Austin Seferian-Jenkins’ lack of oxygen told him how far the offense had advanced.
The star tight end for the University of Washington missed roughly a week of practice after breaking his pinkie Aug. 12 in practice. When he returned and began working with the No. 1 offense again, he found out fast-paced offense as he knew it was redefined.
“First day I really couldn’t hang with it,” Seferian-Jenkins said. “When I got back … from my injury, I was like, whoa, the speed has increased three or four times from when I left.”
And yet, from quarterback to coach, the Huskies claim they can go faster.
After experimenting in the spring with an up-tempo offense, one that has befuddled its defense in recent years, Washington went ahead with its full implementation in the fall.
The first game against Boise State went about as well as the Huskies could have hoped. After stagnating last season, the offense, even without a suspended Seferian-Jenkins, appeared to receive a jolt. It gained 592 yards, tying for 10th most in UW history.
Washington ran 85 plays Aug. 31 against Boise State, well above its average of 69.5 from last season.
Coach Steve Sarkisian has pointed to several reasons why he thought this was the year to push this offense into place. The main one is personnel. He had thought about it in the past, even discussing some of the finer points in 2011 with Houston coach Kevin Sumlin (now at Texas A&M). Sumlin’s Aggies were the only team to beat national champion Alabama last season.
Communication is paramount and one of the things that went well in the first game. Defensive substitutions to counter Boise State’s up-tempo offense were crisp, defensive coordinator Justin Wilcox said.
The offensive calls have been truncated. Quarterback Keith Price no longer wears a two-page wrist band full of plays. Sarkisian, for the most part, was satisfied with the offensive substitutions.
But he has three points of emphasis in order to make Washington go even faster on offense:
n Do a better job of handing the ball directly to the umpire, as opposed to a side judge. That will allow the ball to be placed sooner and the Huskies to snap the ball faster, preferably within eight seconds of the play clock starting.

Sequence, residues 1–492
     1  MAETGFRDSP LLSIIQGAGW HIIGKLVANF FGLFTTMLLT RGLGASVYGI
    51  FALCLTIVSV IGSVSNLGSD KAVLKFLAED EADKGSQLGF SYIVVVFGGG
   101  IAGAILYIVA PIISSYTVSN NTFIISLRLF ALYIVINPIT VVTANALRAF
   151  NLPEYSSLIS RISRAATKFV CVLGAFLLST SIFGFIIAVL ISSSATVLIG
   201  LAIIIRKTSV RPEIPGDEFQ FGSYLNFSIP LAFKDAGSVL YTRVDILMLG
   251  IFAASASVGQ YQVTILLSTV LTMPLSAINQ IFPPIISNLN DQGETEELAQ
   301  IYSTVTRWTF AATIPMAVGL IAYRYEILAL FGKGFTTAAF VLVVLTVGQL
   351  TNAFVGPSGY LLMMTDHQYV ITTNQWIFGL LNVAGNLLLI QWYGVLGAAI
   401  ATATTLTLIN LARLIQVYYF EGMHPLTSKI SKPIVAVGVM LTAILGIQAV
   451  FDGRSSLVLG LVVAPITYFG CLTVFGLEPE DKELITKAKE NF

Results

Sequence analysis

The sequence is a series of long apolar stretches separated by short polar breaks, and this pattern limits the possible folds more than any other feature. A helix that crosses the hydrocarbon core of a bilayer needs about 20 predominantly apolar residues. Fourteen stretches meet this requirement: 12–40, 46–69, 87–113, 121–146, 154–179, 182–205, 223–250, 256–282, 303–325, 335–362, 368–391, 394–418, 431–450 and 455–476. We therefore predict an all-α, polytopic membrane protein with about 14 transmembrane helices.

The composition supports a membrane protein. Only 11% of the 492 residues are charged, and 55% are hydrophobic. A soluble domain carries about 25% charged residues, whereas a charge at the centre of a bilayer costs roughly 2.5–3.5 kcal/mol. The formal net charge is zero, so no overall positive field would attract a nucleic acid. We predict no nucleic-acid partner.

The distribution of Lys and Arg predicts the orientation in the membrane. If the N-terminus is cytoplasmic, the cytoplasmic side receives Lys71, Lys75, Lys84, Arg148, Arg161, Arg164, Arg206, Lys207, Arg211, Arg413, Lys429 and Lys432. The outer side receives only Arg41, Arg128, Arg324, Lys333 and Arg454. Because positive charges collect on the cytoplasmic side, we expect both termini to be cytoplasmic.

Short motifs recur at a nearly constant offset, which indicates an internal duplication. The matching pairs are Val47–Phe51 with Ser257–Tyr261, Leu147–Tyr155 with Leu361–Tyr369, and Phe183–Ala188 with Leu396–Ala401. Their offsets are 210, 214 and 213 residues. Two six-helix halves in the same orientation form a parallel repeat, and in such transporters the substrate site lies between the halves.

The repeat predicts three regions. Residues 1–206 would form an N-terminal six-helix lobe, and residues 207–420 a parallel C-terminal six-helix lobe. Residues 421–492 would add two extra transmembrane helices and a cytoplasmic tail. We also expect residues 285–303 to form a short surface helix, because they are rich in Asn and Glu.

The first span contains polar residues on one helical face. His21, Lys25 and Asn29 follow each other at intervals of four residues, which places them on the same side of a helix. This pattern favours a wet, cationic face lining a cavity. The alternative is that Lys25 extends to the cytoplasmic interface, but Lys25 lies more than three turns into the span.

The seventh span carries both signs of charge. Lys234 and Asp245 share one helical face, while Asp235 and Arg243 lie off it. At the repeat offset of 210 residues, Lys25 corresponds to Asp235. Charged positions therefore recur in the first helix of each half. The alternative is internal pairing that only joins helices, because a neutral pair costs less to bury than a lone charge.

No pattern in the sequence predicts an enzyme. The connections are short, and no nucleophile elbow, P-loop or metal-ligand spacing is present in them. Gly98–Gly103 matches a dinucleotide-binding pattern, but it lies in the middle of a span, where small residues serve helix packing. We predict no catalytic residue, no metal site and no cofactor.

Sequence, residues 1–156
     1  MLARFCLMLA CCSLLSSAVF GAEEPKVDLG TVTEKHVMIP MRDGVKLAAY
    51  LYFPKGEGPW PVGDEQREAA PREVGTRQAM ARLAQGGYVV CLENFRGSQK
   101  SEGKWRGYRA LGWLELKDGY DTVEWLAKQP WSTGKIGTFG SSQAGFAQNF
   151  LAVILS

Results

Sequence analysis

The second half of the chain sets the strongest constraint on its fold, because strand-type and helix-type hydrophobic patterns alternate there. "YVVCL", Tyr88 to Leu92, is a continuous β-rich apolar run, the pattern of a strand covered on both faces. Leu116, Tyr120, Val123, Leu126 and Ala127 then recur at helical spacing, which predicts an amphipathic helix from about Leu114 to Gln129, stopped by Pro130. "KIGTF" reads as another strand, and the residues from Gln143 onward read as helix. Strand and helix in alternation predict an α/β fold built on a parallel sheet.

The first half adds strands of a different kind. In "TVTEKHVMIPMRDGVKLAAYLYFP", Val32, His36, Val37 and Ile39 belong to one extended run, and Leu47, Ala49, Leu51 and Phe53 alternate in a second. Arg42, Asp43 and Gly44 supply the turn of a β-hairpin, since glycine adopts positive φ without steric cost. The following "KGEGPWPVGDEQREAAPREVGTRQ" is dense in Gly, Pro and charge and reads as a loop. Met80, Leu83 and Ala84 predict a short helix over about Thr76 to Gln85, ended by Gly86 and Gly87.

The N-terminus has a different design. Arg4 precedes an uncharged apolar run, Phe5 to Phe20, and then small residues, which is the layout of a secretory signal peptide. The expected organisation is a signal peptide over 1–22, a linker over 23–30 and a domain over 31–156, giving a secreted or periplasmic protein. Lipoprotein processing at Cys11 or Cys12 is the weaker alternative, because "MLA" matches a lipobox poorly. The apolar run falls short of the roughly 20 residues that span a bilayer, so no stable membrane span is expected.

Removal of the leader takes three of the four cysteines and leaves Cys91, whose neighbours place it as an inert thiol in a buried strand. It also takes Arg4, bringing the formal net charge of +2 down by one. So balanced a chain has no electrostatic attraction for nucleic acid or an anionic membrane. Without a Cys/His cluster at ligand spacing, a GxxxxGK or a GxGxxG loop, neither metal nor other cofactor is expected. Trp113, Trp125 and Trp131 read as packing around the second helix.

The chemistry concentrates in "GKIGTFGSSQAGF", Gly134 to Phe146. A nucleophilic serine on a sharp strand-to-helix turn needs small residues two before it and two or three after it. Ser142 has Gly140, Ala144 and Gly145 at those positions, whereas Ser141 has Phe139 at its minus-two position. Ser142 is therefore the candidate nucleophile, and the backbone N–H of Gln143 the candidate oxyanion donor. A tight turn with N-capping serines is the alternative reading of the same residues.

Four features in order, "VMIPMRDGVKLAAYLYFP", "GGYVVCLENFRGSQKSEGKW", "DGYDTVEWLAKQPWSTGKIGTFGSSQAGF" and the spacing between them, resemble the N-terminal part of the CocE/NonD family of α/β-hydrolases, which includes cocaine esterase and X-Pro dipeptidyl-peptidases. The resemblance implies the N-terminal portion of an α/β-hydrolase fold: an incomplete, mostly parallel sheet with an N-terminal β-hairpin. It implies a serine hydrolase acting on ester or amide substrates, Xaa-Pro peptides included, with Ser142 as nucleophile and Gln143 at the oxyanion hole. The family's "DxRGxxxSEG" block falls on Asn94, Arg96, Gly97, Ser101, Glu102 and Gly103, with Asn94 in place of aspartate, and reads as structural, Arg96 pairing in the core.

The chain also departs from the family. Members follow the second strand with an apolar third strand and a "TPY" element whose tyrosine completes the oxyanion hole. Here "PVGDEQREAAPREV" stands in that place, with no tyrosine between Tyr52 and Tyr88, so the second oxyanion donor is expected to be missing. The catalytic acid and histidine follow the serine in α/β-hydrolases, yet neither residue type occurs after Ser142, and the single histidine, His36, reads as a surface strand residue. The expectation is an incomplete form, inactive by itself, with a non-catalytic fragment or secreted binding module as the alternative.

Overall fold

n Get the offensive line set faster.
n Substituting with a “sense of urgency.” Sarkisian wants players sprinting on and off, even if it is the slot receiver on the near sideline.
Arizona coach Rich Rodriguez is considered a pioneer of the no-huddle, shotgun spread approach to offense. The Wildcats flew past Washington last year, 52-17.
He’s put the system in place at multiple stops during his coaching career, including Tulane and Clemson, where he was offensive coordinator, and later as coach at West Virginia.
“It’s new for the guys, not just for your offense, but for your defense, your managers, your trainers, everybody has to be in tune with that,” Rodriguez said. “(My) staff obviously has been together for a long time so it’s easy for them, but sometimes we forget it’s not normal. At least it wasn’t normal for most kids to go fast.
“You grow up in Pop Warner and high school huddling up and taking their time. When you’re going at a completely different tempo than they’re used to, it takes a while to get used to that.”
Sarkisian said he’s seen progressively more high schools install up-tempo systems. For most, it’s still an adjustment.
That’s the case at Oregon which may be the fastest-moving team in college football. Loaded with speed at quarterback, running back and wide receiver, the second-ranked Ducks scored 21 points in the first 10 minutes, 32 seconds Saturday against Virginia.
“Our (young) skill guys that are learning how to play without the ball or they finish a play downfield in high school and they’re adjusting their helmet, adjusting their facemask or adjusting their gloves, they need to run back to the line of scrimmage and get set, see a signal,” Oregon coach Mark Helfrich said. “We teach that just like we teach blocking and tackling. For us, that’s a fundamental.”
Oregon can become so efficient and fast, it often overwhelms opponents.
Helfrich said the Ducks don’t determine if the offense is going fast enough based on the time of a snap. The Ducks just know when warp speed is achieved.
“I think when you’re in rhythm and everybody is playing with confidence or playing fast, you kind of just feel it,” Helfrich said.
That’s the ethereal pace the Huskies want to get to. Their next chance comes Saturday in Chicago.